4 July 2009 by

The retrenched employee - more confusion

In 2007 the Labour Court (the Court) ruled that individual employees are unable to challenge the procedural unfairness of their retrenchments at the CCMA. In 2008 the Court handed down a converse ruling. Employees are now confused as a result of this legal wrangling.

In Rand Water v Bracks NO & Others [2007] JOL 2009 1 (LC), Nel AJ held that in matters that concern the dismissal of a single employee for operational reasons in terms of Section 191(12) of the Labour Relations Act, 1995 (the LRA), the CCMA has jurisdiction only where the dispute centres on substantive fairness. Where the issue to be determined concerns procedural fairness, the CCMA has no jurisdiction and such matters must be referred to the Court. The Bracks judgment was not followed in the subsequent case of Scheme Data Services (Pty) Ltd v Myhill NO & Others [2008] ZALC 149 (5 December 2008).

Both cases centered on the interpretation of Section 191(12) of the LRA, which deals with the dismissal of a single employee by reason of operational requirements. In the Bracks case the Court applied a purposive approach to the interpretation of Section 191(12) and held that if the legislature intended the CCMA to have jurisdiction to hear a dismissal of a single employee dismissed by reason of operational requirements only, Section 191(12) would not have contained the words "following a consultation procedure in terms of Section 189 of the LRA that applied to that employee only".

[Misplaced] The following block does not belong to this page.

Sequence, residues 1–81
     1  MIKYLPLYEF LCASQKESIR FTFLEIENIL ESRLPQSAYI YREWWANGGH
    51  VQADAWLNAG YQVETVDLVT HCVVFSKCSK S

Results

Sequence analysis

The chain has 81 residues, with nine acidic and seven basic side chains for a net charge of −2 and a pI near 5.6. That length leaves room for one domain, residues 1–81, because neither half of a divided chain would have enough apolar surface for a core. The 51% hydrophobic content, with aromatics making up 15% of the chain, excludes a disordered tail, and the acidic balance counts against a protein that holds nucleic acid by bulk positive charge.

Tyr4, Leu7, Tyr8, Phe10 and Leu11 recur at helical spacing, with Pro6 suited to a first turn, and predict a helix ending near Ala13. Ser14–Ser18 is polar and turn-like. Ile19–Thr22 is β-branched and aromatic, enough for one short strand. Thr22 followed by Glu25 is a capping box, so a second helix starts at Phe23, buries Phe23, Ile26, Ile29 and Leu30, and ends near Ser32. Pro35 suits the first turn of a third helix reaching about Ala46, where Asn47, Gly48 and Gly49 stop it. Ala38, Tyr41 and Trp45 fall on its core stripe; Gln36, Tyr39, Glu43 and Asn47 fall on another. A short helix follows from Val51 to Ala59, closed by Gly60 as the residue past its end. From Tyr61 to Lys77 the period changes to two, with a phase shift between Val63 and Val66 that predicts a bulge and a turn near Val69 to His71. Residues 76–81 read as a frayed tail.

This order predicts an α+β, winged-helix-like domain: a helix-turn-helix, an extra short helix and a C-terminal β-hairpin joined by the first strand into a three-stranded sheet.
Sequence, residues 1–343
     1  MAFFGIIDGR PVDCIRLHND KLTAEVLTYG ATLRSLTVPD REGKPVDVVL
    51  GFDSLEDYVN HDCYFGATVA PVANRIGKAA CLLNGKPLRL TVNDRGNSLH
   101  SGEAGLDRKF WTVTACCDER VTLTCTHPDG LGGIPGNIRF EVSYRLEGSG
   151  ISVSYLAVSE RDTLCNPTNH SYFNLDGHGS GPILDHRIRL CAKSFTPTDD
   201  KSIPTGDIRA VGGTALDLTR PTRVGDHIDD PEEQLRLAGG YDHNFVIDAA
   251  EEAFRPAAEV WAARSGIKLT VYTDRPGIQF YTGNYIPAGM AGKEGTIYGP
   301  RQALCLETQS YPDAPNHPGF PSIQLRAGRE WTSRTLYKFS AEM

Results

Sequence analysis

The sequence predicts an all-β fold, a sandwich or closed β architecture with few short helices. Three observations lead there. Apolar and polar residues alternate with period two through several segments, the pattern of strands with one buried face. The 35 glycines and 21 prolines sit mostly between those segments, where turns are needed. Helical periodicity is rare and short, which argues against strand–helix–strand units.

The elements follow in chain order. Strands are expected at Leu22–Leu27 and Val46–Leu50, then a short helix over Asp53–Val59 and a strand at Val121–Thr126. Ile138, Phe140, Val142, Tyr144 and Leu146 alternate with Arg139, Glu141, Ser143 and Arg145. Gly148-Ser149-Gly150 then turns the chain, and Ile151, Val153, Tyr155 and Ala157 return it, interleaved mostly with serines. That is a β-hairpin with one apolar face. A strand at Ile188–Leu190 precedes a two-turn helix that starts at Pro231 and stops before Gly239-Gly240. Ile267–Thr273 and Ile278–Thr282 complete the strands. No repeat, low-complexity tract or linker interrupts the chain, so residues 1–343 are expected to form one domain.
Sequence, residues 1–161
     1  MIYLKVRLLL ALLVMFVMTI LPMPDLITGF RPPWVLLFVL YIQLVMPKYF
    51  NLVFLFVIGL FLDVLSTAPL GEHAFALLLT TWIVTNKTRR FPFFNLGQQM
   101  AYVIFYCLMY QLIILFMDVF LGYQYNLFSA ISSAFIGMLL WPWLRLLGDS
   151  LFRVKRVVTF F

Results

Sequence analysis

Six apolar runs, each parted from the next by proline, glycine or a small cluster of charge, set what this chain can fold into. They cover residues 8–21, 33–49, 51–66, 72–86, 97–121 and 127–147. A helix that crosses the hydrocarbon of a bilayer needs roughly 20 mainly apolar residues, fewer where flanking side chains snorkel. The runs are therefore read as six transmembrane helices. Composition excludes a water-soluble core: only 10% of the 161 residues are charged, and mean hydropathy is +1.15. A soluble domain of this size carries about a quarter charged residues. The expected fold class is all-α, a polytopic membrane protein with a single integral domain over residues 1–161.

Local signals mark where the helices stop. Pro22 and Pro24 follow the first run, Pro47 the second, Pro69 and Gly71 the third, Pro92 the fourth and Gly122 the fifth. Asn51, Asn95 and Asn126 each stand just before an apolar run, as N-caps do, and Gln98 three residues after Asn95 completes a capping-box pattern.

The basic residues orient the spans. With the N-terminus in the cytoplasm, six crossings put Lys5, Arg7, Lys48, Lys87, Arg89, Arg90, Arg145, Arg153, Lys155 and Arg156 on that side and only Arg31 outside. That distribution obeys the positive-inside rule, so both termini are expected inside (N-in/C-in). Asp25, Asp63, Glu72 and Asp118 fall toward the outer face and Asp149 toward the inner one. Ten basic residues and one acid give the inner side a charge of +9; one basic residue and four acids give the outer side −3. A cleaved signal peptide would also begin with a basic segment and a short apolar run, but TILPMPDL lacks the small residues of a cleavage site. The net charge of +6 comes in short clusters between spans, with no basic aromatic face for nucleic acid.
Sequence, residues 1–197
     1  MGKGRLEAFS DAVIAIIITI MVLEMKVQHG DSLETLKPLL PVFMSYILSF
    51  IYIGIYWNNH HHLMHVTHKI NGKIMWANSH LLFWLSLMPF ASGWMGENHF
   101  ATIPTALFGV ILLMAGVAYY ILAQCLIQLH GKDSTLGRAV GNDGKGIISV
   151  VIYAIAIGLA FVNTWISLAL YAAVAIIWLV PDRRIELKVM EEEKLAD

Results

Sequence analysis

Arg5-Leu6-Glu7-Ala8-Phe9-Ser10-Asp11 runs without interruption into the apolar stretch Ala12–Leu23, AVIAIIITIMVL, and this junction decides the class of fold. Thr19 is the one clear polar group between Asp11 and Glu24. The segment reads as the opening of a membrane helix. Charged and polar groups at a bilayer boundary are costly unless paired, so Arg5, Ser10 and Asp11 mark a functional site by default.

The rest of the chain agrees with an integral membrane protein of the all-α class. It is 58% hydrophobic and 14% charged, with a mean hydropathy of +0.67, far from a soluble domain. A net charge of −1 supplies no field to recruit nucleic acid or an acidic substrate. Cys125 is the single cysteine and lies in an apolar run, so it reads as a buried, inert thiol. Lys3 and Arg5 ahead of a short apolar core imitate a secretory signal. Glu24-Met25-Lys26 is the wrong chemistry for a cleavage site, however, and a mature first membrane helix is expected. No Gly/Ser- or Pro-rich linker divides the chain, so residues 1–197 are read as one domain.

The Court reasoned that most of the complexity in operational dismissal cases turned on the compliance or non-compliance with Section 189 procedures. As it was the intention of the legislature that the CCMA should only deal with relatively simple cases that could be speedily adjudicated, more complex issues involving matters of procedure are best dealt with in the Court.

Ngalwane J in Scheme Data Services rejected the Court's reasoning in the Bracks judgment and held that on a plain reading of the text, Section 191(12) does not permit the construction applied by Nel AJ. There is no need for severing or excising the relevant wording from the clause as the plain meaning of the section is clear. The LRA clearly gives employees a choice of approaching either the CCMA or the Court. It is not for the Court to decide that procedural issues in Section 189 dismissals are too complex for the CCMA to handle. That is a policy issue only the legislature can make.

There are now two conflicting decisions handed down by the Court. As the matter stands at present and until a higher court decisively rules on this matter, employees should take cognisance of this conflict in order to avoid possible preliminary points of jurisdiction being raised at the CCMA. The matter is currently before the Labour Appeal Court, which will hopefully bring an end to this uncertainty.

Aadil Patel and Carike Lemboe

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